Harnessing mutuality: the social capital of club experience - a framework for examining social dynamics of community clubs

PhD Thesis


Prasad, Mukesh. 2012. Harnessing mutuality: the social capital of club experience - a framework for examining social dynamics of community clubs. PhD Thesis Doctor of Philosophy. University of Southern Queensland.
Title

Harnessing mutuality: the social capital of club experience -
a framework for examining social dynamics of community clubs

TypePhD Thesis
Authors
AuthorPrasad, Mukesh
SupervisorBrown, Malcolm
McMillen, Don
Institution of OriginUniversity of Southern Queensland
Qualification NameDoctor of Philosophy
Number of Pages293
Year2012
Abstract

The study examines the relationship between club experience and the social capital of club patrons in order to address the simplistic view that community clubs are just liquor
and gaming venues. It develops the Club Analytical Model to capture the multidimensional nature of the two constructs and to guide the interrogation and assessment of the relationship through correlation, regression, and thematic analysis. Based on the mixed methods design, data on club experience (patronisation of club facilities, participation in club services, and perception of club values) and social capital (structural interface, relational interface, and cognitive interface) was collected through a survey of club patrons, focus group discussions with club patrons and officials, and consultations with key club industry stakeholders. The findings were integrated using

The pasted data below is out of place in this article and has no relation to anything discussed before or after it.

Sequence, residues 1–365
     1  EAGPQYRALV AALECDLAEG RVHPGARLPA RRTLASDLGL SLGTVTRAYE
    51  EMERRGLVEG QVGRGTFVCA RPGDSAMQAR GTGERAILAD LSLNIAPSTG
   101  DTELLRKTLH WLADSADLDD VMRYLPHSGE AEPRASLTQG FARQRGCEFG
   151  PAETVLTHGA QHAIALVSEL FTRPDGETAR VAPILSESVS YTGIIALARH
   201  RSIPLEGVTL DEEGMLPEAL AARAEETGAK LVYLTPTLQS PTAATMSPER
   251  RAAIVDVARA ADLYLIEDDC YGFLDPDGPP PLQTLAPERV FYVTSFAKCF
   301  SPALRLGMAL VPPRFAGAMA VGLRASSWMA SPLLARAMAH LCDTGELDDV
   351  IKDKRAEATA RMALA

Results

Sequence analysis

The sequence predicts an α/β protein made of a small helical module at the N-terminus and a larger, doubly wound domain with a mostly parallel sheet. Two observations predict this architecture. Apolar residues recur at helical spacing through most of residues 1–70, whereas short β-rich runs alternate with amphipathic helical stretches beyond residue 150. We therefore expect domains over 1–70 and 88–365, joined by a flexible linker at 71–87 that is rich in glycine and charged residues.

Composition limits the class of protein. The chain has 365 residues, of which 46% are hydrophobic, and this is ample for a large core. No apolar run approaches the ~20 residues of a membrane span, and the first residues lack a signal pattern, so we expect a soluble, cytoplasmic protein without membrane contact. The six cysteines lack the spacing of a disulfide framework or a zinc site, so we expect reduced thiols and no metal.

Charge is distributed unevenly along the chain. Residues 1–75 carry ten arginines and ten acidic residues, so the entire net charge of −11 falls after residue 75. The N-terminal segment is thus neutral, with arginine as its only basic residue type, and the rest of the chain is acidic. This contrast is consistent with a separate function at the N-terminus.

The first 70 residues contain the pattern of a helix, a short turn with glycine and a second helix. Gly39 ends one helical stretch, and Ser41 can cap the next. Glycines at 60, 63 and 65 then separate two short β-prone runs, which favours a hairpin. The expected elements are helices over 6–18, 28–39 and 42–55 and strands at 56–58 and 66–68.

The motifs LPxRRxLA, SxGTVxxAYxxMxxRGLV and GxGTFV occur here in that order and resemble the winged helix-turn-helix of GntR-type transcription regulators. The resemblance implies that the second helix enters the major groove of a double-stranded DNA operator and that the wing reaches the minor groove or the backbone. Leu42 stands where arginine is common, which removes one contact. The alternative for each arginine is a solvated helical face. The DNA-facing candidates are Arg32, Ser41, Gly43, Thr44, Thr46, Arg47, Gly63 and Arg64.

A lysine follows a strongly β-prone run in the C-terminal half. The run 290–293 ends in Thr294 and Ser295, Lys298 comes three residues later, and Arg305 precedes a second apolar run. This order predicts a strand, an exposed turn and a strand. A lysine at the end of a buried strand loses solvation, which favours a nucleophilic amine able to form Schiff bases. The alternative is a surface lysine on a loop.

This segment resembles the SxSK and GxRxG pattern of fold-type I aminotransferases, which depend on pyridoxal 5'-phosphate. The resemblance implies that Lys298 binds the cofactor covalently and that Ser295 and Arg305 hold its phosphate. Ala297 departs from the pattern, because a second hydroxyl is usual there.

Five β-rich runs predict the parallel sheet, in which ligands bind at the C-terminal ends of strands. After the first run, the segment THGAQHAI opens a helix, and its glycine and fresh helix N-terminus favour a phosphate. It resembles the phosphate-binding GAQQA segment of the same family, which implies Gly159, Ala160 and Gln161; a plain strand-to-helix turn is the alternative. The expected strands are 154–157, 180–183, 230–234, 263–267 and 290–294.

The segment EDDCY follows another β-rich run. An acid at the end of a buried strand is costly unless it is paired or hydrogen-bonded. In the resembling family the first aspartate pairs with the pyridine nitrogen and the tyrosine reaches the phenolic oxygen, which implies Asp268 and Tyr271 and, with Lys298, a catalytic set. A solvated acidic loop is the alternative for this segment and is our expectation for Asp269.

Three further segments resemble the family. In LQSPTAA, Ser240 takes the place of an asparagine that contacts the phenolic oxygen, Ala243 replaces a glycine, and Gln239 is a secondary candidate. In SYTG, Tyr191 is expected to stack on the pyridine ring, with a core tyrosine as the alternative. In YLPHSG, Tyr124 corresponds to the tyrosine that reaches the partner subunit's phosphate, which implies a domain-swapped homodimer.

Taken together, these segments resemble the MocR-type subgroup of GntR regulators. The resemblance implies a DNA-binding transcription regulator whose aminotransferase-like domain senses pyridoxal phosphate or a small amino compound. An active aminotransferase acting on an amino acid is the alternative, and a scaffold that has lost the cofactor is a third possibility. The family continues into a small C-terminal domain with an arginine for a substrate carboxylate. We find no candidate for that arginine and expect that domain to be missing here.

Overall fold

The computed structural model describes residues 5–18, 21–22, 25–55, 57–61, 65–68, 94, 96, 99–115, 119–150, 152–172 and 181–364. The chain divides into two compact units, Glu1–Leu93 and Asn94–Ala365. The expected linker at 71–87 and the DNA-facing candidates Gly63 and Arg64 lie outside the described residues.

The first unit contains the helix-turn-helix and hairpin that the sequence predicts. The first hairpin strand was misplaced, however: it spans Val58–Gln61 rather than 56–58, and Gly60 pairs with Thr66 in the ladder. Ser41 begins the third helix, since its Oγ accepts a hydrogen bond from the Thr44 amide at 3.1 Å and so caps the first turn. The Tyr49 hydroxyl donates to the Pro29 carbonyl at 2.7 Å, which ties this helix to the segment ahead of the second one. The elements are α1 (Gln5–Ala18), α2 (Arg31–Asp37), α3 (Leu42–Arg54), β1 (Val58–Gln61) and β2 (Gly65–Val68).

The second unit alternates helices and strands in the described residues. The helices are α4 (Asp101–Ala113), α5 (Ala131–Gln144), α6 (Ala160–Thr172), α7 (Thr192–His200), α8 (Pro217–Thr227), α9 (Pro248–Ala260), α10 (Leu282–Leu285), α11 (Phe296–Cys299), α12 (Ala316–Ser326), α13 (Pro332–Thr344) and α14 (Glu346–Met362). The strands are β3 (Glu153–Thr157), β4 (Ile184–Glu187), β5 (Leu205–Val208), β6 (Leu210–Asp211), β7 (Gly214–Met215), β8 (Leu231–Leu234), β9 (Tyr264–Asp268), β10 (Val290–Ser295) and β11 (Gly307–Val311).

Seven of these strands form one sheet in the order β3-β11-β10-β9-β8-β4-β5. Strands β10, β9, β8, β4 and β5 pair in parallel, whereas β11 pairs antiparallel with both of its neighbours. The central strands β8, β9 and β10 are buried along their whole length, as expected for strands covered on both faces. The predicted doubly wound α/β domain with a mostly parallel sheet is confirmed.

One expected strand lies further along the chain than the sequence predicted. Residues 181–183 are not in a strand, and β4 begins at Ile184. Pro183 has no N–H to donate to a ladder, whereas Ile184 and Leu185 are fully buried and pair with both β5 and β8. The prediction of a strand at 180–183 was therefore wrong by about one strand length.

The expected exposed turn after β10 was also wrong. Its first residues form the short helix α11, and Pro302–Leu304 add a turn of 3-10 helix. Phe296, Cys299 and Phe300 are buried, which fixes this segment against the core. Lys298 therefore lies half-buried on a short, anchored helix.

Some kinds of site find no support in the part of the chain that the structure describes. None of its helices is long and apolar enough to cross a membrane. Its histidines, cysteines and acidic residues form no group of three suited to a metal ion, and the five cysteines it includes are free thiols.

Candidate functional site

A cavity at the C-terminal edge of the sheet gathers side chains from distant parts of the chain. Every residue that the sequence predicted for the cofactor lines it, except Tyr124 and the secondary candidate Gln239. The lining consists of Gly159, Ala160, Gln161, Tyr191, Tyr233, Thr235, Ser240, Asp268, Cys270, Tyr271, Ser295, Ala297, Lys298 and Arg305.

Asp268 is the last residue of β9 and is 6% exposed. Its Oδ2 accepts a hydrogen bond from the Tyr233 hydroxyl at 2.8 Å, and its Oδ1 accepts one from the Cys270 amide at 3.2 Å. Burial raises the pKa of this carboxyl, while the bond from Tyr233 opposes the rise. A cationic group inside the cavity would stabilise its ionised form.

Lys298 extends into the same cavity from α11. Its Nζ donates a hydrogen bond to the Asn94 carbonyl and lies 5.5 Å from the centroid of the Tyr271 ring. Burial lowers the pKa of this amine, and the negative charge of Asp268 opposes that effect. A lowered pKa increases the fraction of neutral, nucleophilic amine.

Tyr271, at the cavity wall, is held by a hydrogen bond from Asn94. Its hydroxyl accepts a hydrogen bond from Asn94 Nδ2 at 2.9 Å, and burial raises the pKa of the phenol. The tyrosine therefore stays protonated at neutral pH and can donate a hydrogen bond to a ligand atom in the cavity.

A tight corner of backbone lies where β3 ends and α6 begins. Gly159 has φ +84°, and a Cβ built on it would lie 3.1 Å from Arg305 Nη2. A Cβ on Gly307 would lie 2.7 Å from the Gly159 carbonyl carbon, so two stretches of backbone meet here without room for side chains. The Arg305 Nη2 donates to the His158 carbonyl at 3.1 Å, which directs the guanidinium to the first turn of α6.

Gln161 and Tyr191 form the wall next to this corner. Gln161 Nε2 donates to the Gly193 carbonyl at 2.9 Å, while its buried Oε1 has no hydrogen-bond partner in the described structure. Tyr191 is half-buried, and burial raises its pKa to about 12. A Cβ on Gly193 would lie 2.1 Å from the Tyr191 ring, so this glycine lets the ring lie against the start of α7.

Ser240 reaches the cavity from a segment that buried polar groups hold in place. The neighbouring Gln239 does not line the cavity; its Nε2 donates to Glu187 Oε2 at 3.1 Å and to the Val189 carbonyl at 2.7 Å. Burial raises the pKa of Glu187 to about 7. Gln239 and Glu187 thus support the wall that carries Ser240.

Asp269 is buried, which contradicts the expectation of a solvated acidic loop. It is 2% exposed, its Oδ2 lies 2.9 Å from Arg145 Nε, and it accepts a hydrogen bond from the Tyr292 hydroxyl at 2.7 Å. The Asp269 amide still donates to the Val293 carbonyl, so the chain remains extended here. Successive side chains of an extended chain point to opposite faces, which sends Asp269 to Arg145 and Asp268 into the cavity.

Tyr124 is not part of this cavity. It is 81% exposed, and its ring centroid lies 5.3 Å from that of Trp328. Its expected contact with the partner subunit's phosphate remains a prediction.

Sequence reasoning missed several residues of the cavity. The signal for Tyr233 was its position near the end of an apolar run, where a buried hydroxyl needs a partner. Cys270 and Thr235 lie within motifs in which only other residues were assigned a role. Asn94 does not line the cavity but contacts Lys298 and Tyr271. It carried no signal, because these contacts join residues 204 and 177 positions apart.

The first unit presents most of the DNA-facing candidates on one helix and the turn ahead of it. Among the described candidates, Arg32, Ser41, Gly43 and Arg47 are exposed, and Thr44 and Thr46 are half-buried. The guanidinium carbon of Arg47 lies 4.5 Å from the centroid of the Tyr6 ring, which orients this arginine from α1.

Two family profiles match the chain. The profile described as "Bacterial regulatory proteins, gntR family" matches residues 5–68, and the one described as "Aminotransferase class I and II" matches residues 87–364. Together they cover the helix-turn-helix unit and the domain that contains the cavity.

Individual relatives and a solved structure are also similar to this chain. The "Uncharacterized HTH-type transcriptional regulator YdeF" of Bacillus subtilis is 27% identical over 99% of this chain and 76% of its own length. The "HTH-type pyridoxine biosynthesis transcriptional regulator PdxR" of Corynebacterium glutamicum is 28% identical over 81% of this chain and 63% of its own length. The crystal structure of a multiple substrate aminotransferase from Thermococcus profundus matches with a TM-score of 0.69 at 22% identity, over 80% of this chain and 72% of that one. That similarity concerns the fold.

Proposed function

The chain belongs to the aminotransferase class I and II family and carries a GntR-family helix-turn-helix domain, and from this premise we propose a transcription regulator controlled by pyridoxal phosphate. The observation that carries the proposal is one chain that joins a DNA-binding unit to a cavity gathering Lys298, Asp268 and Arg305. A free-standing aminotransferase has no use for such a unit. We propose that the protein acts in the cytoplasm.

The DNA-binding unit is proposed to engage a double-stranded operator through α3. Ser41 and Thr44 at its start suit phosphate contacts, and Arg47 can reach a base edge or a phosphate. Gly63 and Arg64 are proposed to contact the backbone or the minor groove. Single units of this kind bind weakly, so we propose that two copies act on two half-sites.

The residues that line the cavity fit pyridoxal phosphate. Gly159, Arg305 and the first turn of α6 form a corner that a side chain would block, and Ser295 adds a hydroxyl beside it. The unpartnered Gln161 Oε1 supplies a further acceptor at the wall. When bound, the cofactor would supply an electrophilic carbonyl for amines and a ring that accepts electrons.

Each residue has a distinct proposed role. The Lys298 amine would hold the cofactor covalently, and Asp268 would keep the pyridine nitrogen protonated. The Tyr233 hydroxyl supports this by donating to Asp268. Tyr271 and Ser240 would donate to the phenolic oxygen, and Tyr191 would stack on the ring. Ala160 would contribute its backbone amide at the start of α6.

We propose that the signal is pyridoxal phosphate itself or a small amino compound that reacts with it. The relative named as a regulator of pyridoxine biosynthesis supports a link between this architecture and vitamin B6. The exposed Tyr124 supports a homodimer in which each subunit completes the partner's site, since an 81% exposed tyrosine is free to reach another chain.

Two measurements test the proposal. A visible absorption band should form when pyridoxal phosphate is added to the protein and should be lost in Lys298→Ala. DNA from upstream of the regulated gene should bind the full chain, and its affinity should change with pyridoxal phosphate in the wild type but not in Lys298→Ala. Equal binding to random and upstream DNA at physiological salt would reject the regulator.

the conceptual tools of field, habitus, and capital, which enabled an in-depth exploration of the social world of community clubs. They reveal a strong and positive relationship between club experience and the social capital of club patrons, and this is generally evident in various club types and club activities. The relationship between club experience and the social capital of club patrons is moderated by admission status of club patrons and length of association with community clubs but not by gender, age,
marital status, language, education, and employment of club patrons. The cohesive body of empirical evidence suggests that social dynamics go beyond participation in liquor
and gaming services to harnessing social and psychological connections that exist between clubs and their patrons. The study makes significant conceptual and methodological advancements to the literature on mutuality by drawing attention to micro-processes and the pragmatic manner in which they can be studied in community clubs. Overall, the study has policy and practice implications for a range of stakeholders through the promotion of a better understanding of community clubs as a form of social
enterprise that exist for the collective benefit of their members.

Keywordsclubs; club experience; social capital
ANZSRC Field of Research 2020350405. Sport and leisure management
Byline AffiliationsFaculty of Arts
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